Slocal: Introducing London’s New Wave
There's more to Slocal than weird London slang.
Words Grant Brydon and Siobhan Bell photos Ciesay
As we head upstairs in East London’s Old Blue Last, we are faced with a sparse, almost daunting scene; backs pinned to walls except for the odd adventurer who braves the trip to the bar. Organiser, entrepreneur and upcoming rapper ItsNate is visibly stressed as he scrambles around on his phone checking that acts are alive and en route to the venue. However, this isn’t the scene for long. As every nook and cranny of the obscurely shaped room soon finds itself occupied. When we do venture outside for some fresh air, we are made to join the line to return. We don’t repeat the mistake again.
Slocal began as a lifestyle brand inspired by the model set by brands like Alife. “I want Slocal to be a city institution,” explains Nate. “Straddling music, clothing and consultancy with a distinct attitude that comes from a constant pursuit of progress.” And while he has dabbled in clothing in the past, he’s gone back to the drawing board to emerge later this year with a higher quality product. In the meantime, the brand is mostly known for its musical output. ItNate’s recent mixtape, So Slocal, was one of UK rap’s most cohesive mixtapes released over the past few years, and the nights they organize provide a platform to showcase the local hip hop scene. “I didn’t even want to do this bruv,” he enforces over lunch the following day. “But nobody else was going to, and we needed it.”
The room at The Old Blue Last is full of familiar faces from London’s fast-rising new hip hop scene, beyond the acts performing we can pick out Nate’s fellow Slocal representative and partner in crime CR-Blacks, up-and-coming acts Hawk House, Murkage Dave, Catch’Em and CONFZ, producers JD. Reid and Sumgii, videographer Stay Hvngry. There’s a whole host of other young musicians and creatives providing a refreshing sense of peer support.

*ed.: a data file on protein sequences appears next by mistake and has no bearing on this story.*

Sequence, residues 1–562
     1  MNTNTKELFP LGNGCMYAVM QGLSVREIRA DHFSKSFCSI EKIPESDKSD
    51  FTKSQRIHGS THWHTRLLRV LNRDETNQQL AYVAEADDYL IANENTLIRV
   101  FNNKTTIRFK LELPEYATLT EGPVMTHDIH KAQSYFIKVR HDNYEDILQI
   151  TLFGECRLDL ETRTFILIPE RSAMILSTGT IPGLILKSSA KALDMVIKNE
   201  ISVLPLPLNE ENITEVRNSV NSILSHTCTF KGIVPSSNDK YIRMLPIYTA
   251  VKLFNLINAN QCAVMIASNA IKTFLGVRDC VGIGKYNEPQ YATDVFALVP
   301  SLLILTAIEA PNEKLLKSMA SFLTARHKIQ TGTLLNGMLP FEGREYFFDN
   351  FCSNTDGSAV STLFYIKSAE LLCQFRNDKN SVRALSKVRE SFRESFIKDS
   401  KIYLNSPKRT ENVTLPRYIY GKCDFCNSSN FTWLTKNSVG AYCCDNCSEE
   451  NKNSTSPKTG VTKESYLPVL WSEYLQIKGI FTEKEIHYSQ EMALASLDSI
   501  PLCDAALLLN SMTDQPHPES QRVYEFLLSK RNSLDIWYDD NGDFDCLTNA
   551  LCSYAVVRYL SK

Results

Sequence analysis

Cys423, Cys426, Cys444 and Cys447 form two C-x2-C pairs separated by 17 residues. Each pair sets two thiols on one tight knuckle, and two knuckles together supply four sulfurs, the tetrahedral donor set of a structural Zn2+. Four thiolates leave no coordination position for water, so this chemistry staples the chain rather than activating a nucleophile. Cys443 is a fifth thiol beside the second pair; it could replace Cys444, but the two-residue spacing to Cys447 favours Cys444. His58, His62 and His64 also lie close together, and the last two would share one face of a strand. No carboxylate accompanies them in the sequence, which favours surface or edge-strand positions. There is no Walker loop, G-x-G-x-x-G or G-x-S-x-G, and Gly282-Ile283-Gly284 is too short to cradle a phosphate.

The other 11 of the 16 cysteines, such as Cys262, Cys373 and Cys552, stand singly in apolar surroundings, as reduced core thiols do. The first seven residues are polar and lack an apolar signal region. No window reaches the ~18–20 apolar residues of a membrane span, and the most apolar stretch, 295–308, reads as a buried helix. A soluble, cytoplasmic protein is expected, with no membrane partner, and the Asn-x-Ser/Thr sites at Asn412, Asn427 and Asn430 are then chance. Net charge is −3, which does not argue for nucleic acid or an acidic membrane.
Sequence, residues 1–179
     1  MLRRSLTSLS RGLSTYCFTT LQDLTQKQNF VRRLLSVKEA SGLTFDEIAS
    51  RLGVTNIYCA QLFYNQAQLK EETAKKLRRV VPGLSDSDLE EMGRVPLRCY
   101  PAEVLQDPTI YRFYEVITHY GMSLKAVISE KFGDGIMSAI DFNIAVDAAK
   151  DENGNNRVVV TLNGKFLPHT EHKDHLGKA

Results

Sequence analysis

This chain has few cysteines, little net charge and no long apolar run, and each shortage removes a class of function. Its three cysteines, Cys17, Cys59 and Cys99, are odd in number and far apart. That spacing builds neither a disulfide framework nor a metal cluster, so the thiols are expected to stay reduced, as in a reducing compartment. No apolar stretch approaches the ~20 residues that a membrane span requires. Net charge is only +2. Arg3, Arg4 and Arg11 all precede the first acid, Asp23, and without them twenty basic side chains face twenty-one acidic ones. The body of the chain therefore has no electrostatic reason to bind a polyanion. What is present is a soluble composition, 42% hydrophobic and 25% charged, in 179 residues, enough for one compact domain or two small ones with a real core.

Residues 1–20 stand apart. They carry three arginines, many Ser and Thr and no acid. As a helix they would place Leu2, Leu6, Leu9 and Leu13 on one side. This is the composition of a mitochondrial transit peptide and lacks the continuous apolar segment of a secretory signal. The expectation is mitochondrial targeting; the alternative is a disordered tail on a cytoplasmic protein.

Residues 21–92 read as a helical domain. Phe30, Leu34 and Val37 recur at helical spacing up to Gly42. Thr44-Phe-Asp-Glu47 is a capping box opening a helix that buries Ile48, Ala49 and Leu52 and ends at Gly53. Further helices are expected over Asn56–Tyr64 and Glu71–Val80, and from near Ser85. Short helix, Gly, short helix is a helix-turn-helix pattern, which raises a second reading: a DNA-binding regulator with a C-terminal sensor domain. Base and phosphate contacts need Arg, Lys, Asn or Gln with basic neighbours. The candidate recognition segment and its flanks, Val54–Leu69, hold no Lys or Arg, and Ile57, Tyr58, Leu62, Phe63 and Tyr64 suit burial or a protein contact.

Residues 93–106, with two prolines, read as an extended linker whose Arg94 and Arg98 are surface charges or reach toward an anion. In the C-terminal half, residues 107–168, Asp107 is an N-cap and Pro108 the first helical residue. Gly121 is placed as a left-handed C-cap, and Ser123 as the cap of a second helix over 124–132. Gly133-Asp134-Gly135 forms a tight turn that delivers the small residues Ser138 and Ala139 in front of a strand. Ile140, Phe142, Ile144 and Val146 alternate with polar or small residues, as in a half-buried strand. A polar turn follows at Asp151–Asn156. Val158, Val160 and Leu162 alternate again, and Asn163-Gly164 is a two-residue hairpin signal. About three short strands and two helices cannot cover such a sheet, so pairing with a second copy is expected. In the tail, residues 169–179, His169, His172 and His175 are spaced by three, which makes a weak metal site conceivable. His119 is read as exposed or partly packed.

First on the bill is Denzel Himself, a promising young South London rapper/producer, with his first live performance. His inexperience doesn’t show as he rides his heavy thumping beats, showcasing how well his self-produced instrumentals translate to the venue’s soundsystem, and winning over those unfamiliar with ease. Isaac Danquah follows, and despite filling the stage with people (shout out to the guy dressed as a traffic warden), still pulls off a memorable show, packed with energy and oozing with potential.
By this point, things are getting to maximum capacity, and Rinse FM’s Lily Mercer takes to the stage to introduce Dream McLean, best known for his work with Drum & Bass duo Chase N Status, who demonstrates his versatility as a rapper and the ability to control high energy EDM-infused production. The line up is an impressive one, and for those in the scene it’s worthy of small festival status than just a regular open mic night. Having been seemingly stuck in an identity crisis between the dregs of Grime, paranoid nihilistic hip hop and throwaway commercial radio hits, it finally feels like London has a promising scene and a hip hop identity worth sharing with the world. Slocal is both a platform for many of these artists to get their first experience playing for a live crowd, and beyond that is a social hub for like-minded creatives to share ideas and network – although a lot of this may happen online and via text messaging later given the packed venue, many of these connections are conceived here.
Vibes are kept flowing between acts by DJ Rivah Kray and we soon find one of the nights most anticipated acts taking to the stage. Fresh from LA, Little Simz looks small and understated on stage. Hidden under the curved peak of her baseball cap, she unleashes a spitfire flow that burns the house down.